In his interview in the Belgrade-based magazine "Duga" (412, December 9-23, 1989), made during his visit to Yugoslavia, Vuckovic described in detail how he, a novice at the statistics office, was assigned by the director Dolfe Vogelnik, and his assistant Alojz Debevc, to calculate the war casualties. He wondered why Vogelnik and Debevc had not undertaken the matter themselves. In the interview he stated:" I realized that they were well-aware of the responsibility and that it was easier to burden a novice with the work for which no one knew where to begin. Simply, they got out of a tight spot." After he handed in his study, for which he was paid, and awarded a week off, he read in "Borba" that "Yugoslavia claimed reparations from the occupying forces, including reparations for one million seven hundred thousand war casualties! His estimate of demographic losses, which also included the unborn children, was proclaimed the official data of the casualties of war. The authorities probably knew what they were doing, he thought, and forgot about it."

It is clear why the experienced demographers, Tasic, Vogelnik and Debevc did not want to undertake this task: at the time of the study, in 1947, a census of the surviving population had not yet been done. However, it stands to reason that they were fully responsible for burdening a novice with such a task, and for the misinterpretation of the results which he calculated. Putting the blame on Kardelj cannot absolve the responsibility from the Federal Bureau of Statistics officials, especially in the case of such important state documentation.

It should be added that after the population census was completed on March 31, 1948, and census data analyzed, Dr. Dolfe Vogelnik published under the title "Demografski gubici Jugoslavije u drugom svjetskom ratu" (Demographic Losses of Yugoslavia in the Second World War), Statisticka revija (Statistical Review) 1/1952), the number of 3,250,000 which he considered the most probable estimate of the demographic losses, with a lower limit of 2,900,000 (This number included the demographic losses of the areas which were annexed to Croatia and Slovenia). The motive for Vogelnik's new calculation of the demographic losses after the 1948 census, (although he, as the director accepted the results calculated by Vladeta Vuckovic in 1947, and submitted them to the Yugoslav government), could only be that, after the census data on the surviving population, he concluded that demographic losses should have been considerably larger in order to justify the number of 1.7 million casualties of war.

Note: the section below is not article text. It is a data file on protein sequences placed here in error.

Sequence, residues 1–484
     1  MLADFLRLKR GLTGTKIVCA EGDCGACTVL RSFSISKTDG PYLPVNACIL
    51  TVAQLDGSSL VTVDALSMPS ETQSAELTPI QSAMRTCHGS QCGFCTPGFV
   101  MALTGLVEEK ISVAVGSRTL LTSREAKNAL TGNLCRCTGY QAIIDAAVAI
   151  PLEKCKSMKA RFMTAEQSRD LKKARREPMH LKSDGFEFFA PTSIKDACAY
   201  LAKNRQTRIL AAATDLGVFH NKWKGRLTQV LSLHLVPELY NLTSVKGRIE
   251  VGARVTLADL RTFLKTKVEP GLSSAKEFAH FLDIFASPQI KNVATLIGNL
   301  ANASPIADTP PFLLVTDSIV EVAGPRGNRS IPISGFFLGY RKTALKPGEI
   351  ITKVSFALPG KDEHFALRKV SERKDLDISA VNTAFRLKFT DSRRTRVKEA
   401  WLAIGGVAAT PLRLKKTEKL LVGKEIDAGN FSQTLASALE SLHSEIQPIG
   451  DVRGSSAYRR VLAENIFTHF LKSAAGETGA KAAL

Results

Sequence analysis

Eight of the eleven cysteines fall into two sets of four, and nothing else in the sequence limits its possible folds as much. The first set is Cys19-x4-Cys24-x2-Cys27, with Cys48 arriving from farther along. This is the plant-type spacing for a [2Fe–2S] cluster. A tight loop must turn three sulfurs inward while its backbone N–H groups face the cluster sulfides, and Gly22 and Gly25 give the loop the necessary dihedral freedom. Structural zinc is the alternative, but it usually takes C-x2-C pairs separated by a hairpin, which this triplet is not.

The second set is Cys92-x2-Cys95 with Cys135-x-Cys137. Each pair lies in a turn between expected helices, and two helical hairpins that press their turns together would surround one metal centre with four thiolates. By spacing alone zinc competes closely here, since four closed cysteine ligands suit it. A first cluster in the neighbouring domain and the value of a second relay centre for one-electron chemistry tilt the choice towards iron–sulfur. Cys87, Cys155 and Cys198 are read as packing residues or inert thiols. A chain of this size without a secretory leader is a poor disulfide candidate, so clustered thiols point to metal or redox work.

The next issue of Statistical Review (2/1952) already published a study under the title: Istinski demografski gubici Jugoslavije u drugom svjetskom ratu (True Demographic Losses of Yugoslavia in the Second World War) by Ivo Lah, an experienced Slovenian demographer and statistician, who analyzed and denied Vogelnik's calculations. He wrote: "According to Dr. Vogelnik's calculation, an average increase rate per year in the period between 1941 and 1948 would be 2.13%, and most certainly 1.86%. Yugoslavia never had such a high annual increase rate, and certainly never will have. By increasing the increase rate per year for the period between 1941 and 1948, one can substantially increase the number of demographic losses. The issue is only the motivation for a hypothesis of this kind!" It must be stressed that the annual increase rate in Yugoslavia in the period between 1921 and 1931, which included the post First World War baby boom, reached an annual average of 1.5. The annual growth rate after 1931, and especially after 1935, decreased, and in the year 1939 the annual growth rate was only 1,1%. Therefore claiming the growth rate of 1.8% or 2.1% for the period between 1941 and 1948 is an obvious manipulation of war losses.